Since the early 1980s, the United States has been witnessing an epidemic of divorce. This is a trend that is repeated in many western countries. There are more teenage pregnancies than ever before and more babies being born to unmarried parents. Marriage is at an all-time low, and is in danger of becoming the exception rather than the rule.
Yet marriage is perhaps mankind’s oldest ritual. It is an ancient ritual and one that has been much discussed over the years. This debate continues today to fill newspaper inches just as it has done in the past. Marriage has as many detractors as it has supporters and many of the arguments for and against marriage have been raging for as long as priests and holy men have been uniting couples in states of matrimony.
While the decline of religion and the rise of materialism may be influencing people’s decision about whether or not to get married, many people just never think they have met the right person. It was a very similar world in which Jane Austin wrote, “I pay very little regard…to what any young person says on the subject of marriage. If they profess a disinclination for it, I only set it down that they have not yet seen the right person.”
Yet picking the right person has always been the trickiest part of a successful marriage. There are societies where arranged marriages continue to be common. The bride and groom rely on the combined wisdom of their elder relatives to find them a suitable soulmate, but in Western society couples prefer to make their own choices. It is western couples who ought to heed some of the wisest voices from history in deciding on a partner.
William Penn was an English Quaker who founded the colony of Pennsylvania in the seventeenth century. He warned his followers: “In marriage do thou be wise; prefer the person before money; virtue before beauty; the mind before the body. As sound advice today as it was over three hundred years ago, yet many couples base their choice of partner on financial considerations and attractiveness. And then they wonder why they find themselves in the divorce courts.”
The author of “Testament of Youth”, Vera Brittain said, “I know one husband and wife who, whatever the official reasons given to the court for the break-up of their marriage, were really divorced because the husband believed that nobody ought to read while he was talking and the wife that nobody ought to talk while she was reading. “Moliere, the great French playwright would have sympathised with their predicament as he had earlier remarked, “Books and marriage go ill together”.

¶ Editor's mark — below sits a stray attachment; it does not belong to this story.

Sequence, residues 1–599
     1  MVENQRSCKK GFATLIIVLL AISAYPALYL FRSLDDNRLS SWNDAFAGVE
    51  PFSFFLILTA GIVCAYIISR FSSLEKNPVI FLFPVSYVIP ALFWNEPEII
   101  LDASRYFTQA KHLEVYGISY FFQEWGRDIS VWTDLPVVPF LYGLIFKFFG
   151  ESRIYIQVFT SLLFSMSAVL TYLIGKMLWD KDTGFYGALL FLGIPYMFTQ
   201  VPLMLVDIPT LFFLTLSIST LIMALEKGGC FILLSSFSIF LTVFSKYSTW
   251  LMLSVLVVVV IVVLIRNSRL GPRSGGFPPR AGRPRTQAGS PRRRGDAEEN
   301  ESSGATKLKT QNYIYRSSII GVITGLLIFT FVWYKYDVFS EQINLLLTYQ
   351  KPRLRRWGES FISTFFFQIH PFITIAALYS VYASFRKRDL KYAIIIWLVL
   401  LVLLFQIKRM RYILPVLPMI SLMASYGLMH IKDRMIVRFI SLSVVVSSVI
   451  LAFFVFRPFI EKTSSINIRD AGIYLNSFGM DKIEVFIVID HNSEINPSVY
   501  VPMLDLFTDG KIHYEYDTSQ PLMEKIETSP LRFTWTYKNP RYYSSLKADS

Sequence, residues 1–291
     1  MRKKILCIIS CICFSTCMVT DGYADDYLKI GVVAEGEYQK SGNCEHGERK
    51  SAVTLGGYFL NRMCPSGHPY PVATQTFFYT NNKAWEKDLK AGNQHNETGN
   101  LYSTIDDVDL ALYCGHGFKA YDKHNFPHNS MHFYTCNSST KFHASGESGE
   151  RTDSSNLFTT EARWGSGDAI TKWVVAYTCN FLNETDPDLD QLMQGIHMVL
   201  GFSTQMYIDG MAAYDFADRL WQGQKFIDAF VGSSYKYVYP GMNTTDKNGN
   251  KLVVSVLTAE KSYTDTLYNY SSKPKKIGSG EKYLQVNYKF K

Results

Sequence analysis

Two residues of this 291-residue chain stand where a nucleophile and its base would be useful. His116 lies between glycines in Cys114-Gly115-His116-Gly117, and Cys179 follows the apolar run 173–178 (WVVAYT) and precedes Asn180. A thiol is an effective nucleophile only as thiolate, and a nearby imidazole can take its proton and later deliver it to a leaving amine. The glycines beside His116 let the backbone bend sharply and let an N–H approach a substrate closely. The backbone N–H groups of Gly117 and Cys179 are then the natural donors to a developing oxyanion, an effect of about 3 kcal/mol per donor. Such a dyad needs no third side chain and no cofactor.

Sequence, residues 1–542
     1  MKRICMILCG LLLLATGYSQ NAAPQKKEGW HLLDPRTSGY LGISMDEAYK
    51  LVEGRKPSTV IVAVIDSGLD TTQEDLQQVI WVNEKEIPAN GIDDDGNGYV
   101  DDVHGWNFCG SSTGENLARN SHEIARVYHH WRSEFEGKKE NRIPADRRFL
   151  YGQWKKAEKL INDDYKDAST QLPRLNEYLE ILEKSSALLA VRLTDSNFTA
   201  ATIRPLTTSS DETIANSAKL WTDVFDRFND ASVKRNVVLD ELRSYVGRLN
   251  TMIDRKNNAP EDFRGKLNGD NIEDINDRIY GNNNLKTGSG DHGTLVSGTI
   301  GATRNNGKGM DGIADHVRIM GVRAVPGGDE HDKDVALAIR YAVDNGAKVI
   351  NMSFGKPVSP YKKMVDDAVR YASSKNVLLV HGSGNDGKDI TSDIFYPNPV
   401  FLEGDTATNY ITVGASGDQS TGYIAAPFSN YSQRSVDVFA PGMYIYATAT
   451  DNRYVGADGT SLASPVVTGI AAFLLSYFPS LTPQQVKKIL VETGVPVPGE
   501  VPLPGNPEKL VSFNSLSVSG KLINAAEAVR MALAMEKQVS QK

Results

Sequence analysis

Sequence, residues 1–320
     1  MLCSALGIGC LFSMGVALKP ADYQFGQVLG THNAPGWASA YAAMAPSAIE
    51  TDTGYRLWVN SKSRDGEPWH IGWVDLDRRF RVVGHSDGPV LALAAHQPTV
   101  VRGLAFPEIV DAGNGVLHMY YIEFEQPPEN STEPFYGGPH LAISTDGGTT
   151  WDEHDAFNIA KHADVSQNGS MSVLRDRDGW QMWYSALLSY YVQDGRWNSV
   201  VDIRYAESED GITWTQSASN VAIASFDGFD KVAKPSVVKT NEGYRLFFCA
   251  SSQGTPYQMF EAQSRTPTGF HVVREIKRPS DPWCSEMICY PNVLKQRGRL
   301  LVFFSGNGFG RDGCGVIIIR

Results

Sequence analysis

It is this inability or unwillingness to see beyond our own wants, the reluctance to empathise with the needs of our spouse that provokes the downfall of so many promising marriages. As Leo Tolstoy, the Russian novelist said, “What counts in making a happy marriage is not so much how compatible you are, but how you deal with incompatibility.”
Samuel Johnson said, “The most happy marriage I can imagine to myself would be the union of a deaf man to a blind woman.” Two hundred years earlier, Michel de Montaigne had written, “A good marriage would be between a blind wife and a deaf husband.” Many married men might well prefer a wife who overlooked everything he did, and many a wife would be delighted to find their husband willing to listen to them endlessly.
In marriage do thou be wise: prefer the person before money, virtue before beauty, the mind before the body; then thou hast a wife, a friend, a companion, a second self.
Love: n. A temporary insanity curable by marriage.
A man is incomplete until he is married. After that, he is finished.
Zsa Zsa Gabor